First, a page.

Performing Custom Actions when NetworkManager Goes On/Offline

NetworkManager is used by many Linux distributions to allow the machine to connect to wired and wireless networks automatically. NetworkManager can remember the credentials you need in order to authenticate with your wifi networks and can get online automatically when certain networks are detected.

It is often the case that you want to have different network configurations depending on if you are at home or not. For example, you might want to allow some services on a laptop to be accessed only if you are connected to your local wifi access point over WPA2. You might also like to have your laptop automatically mount a bunch of NFS filesystems when you connect to your home wifi access point.

When NetworkManager brings up a network connection it runs the scripts that are stored in /etc/NetworkManager/dispatcher.d starting with the lowest numerical file name prefix and working to the highest. For example, 00-netreport runs before 05-netfs on a Fedora machine. For this article I’ll use the 99-custom-scripts file to ensure my customizations run after the normal system scripts.

NetworkManager calls these scripts with the interface name as the first argument and the string “up” or “down” as the second argument. The first thing the 99-custom-scripts file does is to check if the wireless interface is being acted on and if so it determines the name and key of the wifi network being connected too. Based on the name and/or key of the wifi network, the iptables and NFS mounts are modified on bringing the interface up and down.

The first part of the script is shown below. The wireless interface on this laptop is eth1 which is declared at the top of the file. If NetworkManager is acting on $IFACE = eth1 then the script determines both the network name and the key that was used to connect. Using the later as a double check is a great additional precaution in case an attacker decides to offer an unencrypted network which happens to have the name your scripts expect for your home network. Paranoia is a virtue when it comes to security.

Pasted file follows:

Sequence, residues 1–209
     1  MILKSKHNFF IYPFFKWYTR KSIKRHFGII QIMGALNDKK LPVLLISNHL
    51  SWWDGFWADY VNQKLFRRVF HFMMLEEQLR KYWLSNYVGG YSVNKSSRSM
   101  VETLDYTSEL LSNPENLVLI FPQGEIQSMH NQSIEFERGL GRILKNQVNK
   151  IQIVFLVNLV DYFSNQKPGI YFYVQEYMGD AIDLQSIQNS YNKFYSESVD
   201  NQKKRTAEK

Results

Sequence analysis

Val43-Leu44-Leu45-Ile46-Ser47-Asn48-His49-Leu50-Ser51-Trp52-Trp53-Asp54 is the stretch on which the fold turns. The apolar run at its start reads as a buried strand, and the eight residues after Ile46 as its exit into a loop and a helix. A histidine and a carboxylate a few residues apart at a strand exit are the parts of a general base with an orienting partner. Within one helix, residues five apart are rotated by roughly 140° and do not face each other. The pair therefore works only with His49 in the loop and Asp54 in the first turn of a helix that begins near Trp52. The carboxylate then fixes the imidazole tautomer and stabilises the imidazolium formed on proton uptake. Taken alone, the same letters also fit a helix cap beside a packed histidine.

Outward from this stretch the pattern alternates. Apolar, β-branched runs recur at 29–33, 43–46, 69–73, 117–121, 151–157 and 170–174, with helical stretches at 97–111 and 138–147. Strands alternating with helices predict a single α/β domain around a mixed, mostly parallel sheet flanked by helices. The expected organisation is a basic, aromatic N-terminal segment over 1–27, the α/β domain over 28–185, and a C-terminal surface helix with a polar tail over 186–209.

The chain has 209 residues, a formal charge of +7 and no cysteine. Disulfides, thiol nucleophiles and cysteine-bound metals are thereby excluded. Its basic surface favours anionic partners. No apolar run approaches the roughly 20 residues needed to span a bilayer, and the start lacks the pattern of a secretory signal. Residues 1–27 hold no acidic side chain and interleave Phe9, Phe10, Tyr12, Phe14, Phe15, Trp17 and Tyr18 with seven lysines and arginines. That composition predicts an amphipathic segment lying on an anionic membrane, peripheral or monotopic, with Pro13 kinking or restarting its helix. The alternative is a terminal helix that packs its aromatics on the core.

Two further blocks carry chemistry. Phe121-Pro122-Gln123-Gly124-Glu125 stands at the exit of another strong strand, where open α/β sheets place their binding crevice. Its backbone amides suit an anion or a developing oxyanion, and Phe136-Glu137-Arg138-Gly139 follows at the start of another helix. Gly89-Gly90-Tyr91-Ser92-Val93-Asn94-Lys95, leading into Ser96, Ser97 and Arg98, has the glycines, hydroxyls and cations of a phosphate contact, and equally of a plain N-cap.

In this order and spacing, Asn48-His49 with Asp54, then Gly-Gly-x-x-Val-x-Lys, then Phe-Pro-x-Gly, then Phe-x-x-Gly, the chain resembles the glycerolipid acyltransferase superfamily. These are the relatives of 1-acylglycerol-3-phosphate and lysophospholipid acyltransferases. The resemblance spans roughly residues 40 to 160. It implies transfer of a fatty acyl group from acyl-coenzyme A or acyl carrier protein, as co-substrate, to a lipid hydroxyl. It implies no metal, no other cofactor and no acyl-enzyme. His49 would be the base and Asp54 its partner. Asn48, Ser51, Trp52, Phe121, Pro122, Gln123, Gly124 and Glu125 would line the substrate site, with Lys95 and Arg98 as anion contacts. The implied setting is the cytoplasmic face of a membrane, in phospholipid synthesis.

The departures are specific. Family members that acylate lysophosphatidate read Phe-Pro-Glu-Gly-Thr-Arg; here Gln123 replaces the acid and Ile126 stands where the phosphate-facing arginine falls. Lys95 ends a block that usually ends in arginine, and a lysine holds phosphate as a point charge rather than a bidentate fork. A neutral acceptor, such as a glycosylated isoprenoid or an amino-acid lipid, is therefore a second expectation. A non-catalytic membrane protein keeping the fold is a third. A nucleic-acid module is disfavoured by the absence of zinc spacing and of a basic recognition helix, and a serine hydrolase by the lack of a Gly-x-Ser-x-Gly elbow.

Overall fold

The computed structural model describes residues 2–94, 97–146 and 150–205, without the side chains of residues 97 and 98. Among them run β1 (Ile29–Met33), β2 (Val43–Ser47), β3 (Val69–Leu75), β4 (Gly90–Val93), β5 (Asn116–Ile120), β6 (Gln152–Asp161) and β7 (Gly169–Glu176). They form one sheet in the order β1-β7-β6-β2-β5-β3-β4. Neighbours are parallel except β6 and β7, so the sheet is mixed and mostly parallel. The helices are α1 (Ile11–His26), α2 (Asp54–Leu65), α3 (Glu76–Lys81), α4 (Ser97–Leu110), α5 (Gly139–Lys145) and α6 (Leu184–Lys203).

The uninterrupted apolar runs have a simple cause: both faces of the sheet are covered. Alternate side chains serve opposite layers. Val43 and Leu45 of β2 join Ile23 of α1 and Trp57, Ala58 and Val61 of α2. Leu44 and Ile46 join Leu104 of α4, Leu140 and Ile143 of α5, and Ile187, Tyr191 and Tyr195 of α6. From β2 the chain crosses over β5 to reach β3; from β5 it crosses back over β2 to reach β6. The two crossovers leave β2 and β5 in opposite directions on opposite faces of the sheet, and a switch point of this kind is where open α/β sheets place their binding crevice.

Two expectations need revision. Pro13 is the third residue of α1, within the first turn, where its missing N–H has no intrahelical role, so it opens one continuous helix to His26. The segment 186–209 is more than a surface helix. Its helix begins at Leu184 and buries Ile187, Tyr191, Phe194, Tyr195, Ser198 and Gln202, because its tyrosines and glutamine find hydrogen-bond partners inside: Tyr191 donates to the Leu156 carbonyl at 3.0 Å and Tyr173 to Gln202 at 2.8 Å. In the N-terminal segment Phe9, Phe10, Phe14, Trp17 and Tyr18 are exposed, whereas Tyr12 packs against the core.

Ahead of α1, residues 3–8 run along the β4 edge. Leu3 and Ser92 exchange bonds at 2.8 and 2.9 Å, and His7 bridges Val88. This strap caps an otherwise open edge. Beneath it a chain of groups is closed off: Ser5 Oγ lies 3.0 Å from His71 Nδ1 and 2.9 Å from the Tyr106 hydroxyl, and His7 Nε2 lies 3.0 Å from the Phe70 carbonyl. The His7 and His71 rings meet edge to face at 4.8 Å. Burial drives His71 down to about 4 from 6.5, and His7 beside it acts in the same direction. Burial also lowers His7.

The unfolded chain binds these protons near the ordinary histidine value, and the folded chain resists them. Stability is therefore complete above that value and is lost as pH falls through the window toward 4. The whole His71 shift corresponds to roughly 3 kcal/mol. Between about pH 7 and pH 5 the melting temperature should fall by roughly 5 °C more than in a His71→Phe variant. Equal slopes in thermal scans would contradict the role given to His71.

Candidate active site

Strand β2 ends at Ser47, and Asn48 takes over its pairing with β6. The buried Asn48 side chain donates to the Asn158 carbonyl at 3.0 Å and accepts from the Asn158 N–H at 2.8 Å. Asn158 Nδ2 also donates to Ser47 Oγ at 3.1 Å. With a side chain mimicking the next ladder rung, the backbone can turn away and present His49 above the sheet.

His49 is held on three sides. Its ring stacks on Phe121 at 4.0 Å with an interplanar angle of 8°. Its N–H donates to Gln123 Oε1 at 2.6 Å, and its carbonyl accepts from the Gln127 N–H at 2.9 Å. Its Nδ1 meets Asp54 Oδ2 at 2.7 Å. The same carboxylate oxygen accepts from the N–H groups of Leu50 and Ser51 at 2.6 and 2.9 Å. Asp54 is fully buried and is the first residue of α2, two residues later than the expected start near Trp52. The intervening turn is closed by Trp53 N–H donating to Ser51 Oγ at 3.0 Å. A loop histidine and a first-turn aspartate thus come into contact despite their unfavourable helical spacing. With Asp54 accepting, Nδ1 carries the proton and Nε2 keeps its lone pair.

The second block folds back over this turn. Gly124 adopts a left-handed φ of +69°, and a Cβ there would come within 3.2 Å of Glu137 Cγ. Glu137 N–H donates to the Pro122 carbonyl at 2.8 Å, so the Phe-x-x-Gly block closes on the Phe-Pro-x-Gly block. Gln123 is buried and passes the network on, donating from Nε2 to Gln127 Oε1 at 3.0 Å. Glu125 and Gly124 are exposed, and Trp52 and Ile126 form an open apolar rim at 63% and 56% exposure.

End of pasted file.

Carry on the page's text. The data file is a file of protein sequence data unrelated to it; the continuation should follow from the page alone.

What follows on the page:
For those not too familiar with sed, the -r option turns on extended regular expressions, the -n option suppresses the normal printing of each line. A walk through of the sed script used to find the KEY is that it looks for a line containing Encryption, ignoring all non matching lines. Because of the -n option, lines that do not contain the string “Encryption” are silently ignored. If a line does contain “Encryption” then everything before the first colon is thrown away, and the hex key is extracted into a regular expression capture. The substitution will replace the entire line with just the hex key. The sed ‘p’ command is used to print the line (which is just the key now), and ‘q’ is used to quit immediately.



if [ "x$1" = "x$IFACE" ]; then
# Figure out the wifi SSID
SSID=$(/sbin/iwconfig $IFACE | sed -r -n '/SSID/{s/.*SSID:"([^"]+)".*/1/g;p;q}' )
KEY=$(/sbin/iwconfig $IFACE | sed -r -n '/Encryption/{s/.*:([0-9A-F-]+).*/1/g;p;q}' )

The rest of the script is shown below. I choose to bring up and down network mounts based on the network name rather than the wifi key of the network. I would rather put a check to enforce that the wifi key is correct for the network name in the 99-custom-scripts than scatter the wifi key into the /etc/fstab file.

The first check is on the network name, for a more secure configuration, the KEY should also be checked to see that it is correct. If the network is being brought up then special iptables rules are loaded and they get reset back to the system defaults on log out. The fstab and awk line looks for a special marker for a mount “mount-on-wifi-net” which can appear in a comment at the end of the line. If mount-on-wifi-net is followed by the network name being connected too then the filesystem mentioned is mounted. The unmount line contains a -l to ensure that the script does not block during logout.

case "$SSID" in
logger "starting wifi connection to $SSID"
if [ "$2" = "up" ]; then
iptables-restore < /etc/sysconfig/iptables.home

cat /etc/fstab | awk
'{ if (match($0,"mount-on-wifi-net.*" net)) { system( op " " $2 ) }}' op=mount net=$SSID

tac /etc/fstab | awk
'{ if (match($0,"mount-on-wifi-net.*" net)) { system( op " " $2 ) }}' op="umount -l" net=$SSID
iptables-restore < /etc/sysconfig/iptables


Notice that the tac command is used during unmount. The tac works like the cat command, except that the lines are printed from last to first. This allows you to specify NFS mounts that depend on each other, for example, /usr and /usr/local, as long as /usr appears before /usr/local in /etc/fstab it will be mounted before /usr/local and unmounted after /usr/local by virtue of the tac command.

An NFS share that would be automatically mounted and unmounted can then be described by adding it to /etc/fstab with the noauto filesystem option to prevent mount attempts at system boot.

foo:/bar  /bar nfs  defaults,noauto 0 0 # mount-on-wifi-net=himitsu

There are a few issues with the above scripts. If you have two wifi network names where one is a prefix of the other, for example foo and foobar, then mounts meant only for foobar will still have an attempt made when connecting to foo. Using comments in /etc/fstab also tends to make the lines for auto mounts quite long.

Teaching NetworkManager how you want to change your network presence depending on which wifi access point is used can make using a laptop much more convenient. Especially having your network shares automatically available when on trusted wifi access points takes a bit of the hassle out of frequently changing wifi access points with a laptop.